Republicans should not be any more worried about the re-election of popular moderate Democrats such as Dave Freudenthal of Wyoming than should Democrats lose sleep over Republican Jodi Rell’s landslide in Connecticut. Nor should Republicans shudder at the fact that a pro-life moderate Democrat like Bill Ritter can win handily against Bob Beauprez, who had the misfortune of being associated with a Congress that was about as popular as Cromwell’s Long Parliament. After all, Republican Don Carcieri’s ten-point win in Rhode Island in 2002 certainly did not portend a re-alignment of that state.
Yes, Democrats gained control of both houses of the Colorado and Montana statehouses in the early 2000s. But the Colorado gains were fueled by Democratic majorities on the state reapportionment commission. Colorado Democrats won 60,000 fewer votes than Republicans in 2004 but nonetheless won a majority in the state House. Montana Democrats likewise received a favorable state legislative map in 2002 and gained control of both chambers in 2004. In 2006, however, Democrats lost control of the Montana state House, and would have lost control of the state Senate but for a post-election party switch.
Outside of Montana and Colorado, Republicans control nine of the remaining twelve chambers, often by large margins. And while Democrats gained a total of 321 statehouse seats nationwide in 2006, Democrats netted only 23 seats in the Mountain West, out of about 800 seats in the region.
Finally, Democratic gains in federal races in 2006 should be regarded as disappointing, given the overall climate. While Democrat Jon Tester knocked off Senator Conrad Burns in Montana, the narrowness of the victory over Burns — who did everything he could to lose, including uttering racial slurs, taking large sums of money from Jack Abramoff, and publicly deriding firemen returning from their jobs — should give Democrats pause. Democrats failed to place Arizona Senator Jon Kyl in jeopardy, notwithstanding having a candidate who spent over $10 million in negative ads over the course of the year, and never seriously threatened Nevada Senator John Ensign.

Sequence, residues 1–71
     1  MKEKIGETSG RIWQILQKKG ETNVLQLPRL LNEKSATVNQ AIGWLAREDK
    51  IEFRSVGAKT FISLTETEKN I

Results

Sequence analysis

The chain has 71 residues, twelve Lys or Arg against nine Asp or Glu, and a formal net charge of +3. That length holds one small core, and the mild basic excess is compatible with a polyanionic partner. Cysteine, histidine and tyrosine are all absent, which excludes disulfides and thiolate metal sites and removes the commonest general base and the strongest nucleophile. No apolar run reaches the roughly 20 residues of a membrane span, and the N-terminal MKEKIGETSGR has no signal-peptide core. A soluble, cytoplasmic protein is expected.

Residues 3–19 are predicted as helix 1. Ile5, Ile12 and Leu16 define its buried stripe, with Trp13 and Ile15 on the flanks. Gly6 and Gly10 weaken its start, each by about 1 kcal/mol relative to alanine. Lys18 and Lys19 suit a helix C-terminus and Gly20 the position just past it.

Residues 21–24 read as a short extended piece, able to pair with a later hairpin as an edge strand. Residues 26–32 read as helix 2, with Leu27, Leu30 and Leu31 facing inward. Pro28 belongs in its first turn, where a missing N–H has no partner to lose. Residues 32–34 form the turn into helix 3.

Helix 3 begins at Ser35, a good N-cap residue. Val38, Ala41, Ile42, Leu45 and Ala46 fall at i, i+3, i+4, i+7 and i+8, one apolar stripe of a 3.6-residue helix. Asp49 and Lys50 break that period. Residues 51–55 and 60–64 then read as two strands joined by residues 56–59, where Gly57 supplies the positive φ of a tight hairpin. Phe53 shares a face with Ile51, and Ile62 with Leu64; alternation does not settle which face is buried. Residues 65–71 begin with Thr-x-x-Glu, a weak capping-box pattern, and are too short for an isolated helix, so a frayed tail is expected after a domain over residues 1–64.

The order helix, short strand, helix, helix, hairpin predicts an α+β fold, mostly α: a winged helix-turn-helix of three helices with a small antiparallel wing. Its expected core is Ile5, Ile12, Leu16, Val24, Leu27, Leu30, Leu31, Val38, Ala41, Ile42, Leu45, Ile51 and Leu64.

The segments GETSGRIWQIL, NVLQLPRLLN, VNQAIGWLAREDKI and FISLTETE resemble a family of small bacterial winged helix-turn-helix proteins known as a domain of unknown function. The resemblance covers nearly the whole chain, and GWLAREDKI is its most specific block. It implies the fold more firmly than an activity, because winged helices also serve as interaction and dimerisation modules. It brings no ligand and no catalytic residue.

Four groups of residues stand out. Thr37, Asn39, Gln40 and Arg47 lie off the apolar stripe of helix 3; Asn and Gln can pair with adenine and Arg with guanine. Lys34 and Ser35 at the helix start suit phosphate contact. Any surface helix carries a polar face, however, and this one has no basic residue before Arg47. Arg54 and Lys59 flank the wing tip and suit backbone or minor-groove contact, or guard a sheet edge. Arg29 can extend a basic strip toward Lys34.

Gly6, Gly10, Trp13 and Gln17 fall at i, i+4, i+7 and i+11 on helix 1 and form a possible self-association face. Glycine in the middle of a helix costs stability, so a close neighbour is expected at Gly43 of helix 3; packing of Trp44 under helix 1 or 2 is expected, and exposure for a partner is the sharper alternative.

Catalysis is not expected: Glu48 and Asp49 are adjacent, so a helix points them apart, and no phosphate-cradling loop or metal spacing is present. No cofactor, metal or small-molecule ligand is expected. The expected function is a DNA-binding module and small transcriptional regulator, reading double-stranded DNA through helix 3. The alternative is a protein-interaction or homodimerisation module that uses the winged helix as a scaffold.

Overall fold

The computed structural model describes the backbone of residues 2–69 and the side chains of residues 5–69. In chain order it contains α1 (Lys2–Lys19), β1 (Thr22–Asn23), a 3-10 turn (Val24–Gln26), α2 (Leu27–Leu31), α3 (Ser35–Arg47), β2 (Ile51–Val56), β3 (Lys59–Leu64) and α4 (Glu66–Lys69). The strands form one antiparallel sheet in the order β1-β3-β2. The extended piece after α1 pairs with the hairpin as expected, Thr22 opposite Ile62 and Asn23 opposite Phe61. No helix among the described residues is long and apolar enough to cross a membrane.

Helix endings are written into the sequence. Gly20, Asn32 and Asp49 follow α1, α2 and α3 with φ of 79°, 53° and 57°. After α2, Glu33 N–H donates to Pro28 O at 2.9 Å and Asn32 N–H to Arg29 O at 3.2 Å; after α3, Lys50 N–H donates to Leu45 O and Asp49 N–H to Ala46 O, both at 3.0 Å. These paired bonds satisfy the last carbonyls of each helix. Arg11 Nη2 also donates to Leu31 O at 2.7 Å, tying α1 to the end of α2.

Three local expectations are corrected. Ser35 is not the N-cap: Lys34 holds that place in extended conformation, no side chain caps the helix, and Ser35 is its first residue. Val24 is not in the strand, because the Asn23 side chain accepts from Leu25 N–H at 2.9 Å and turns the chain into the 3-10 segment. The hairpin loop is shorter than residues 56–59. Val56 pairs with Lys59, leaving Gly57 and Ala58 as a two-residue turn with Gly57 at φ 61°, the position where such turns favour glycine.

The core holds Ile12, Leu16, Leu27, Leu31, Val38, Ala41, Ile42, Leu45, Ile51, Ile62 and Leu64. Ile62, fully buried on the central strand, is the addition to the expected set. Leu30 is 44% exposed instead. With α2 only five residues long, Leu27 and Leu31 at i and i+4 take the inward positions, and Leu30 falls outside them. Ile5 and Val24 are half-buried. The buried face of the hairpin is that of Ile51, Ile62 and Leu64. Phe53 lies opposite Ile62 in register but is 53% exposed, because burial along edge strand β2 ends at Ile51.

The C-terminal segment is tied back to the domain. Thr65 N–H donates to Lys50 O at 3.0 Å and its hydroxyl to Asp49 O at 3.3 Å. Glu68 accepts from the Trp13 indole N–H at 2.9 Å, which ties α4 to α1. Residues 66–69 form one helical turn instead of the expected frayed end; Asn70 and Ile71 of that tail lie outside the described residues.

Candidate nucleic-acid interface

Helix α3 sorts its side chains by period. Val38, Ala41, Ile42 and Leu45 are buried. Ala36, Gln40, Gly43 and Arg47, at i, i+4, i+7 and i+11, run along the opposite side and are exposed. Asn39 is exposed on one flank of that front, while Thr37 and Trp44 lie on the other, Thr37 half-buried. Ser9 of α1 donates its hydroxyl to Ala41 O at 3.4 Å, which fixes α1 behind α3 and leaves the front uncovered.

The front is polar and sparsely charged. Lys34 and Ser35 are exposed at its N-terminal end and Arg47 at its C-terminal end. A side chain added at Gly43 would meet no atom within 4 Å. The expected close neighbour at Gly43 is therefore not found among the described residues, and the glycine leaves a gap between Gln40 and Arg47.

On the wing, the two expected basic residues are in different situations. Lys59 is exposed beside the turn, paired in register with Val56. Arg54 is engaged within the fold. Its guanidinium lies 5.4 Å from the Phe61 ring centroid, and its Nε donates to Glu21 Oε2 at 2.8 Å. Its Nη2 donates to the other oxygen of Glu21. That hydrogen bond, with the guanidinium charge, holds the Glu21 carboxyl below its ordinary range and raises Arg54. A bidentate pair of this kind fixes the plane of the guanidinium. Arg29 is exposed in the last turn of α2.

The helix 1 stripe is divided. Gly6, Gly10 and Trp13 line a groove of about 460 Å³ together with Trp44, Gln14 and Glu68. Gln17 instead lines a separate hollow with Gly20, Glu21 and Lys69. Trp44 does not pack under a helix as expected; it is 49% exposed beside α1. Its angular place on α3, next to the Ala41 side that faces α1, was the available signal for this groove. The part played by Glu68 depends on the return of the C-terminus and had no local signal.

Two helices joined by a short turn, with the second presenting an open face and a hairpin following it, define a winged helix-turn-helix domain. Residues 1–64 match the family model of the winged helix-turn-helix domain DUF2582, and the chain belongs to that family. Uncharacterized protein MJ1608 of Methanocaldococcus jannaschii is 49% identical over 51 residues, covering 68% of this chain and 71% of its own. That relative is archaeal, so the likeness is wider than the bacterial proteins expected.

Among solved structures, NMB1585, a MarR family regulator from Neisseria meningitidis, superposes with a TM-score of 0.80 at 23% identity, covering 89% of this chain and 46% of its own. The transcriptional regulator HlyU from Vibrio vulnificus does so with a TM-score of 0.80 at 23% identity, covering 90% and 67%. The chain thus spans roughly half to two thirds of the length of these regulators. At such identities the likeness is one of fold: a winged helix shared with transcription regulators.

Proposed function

The House races weren’t, either. Democrats picked up an open swing district in Colorado that was designed by Democrats to trend leftward over the decade, a swing seat on the Arizona border where the Republicans nominated a Minuteman, and a seat in Arizona from a controversial incumbent facing corruption charges. Democrats did not win other swing districts in Arizona or in Nevada, nor were they successful in open seats in Colorado, Nevada, and Idaho where the Republicans were divided and sometimes openly opposed to their nominees.
What we are actually seeing is that the fundamental “red-ness” of the Mountain West states has been somewhat overstated. While Ronald Reagan — a Westerner himself — performed well here, in 1988 Montana, Colorado, and New Mexico went for Bush 41 but were at-or-below his national vote share. Bill Clinton was able to carry five of the eight Mountain West states at least once. And yet George W. Bush carried all of these states except New Mexico by more than his national average in 2000 and 2004. While these states are not as socially conservative as other deep south states, they are not particularly moderate, and show no signs of accepting big government liberalism. The fact that the right kind of Democrat can still win here should not send Republicans into a panic, and there is much less evidence than commonly supposed that the region is trending toward accepting most Democrats.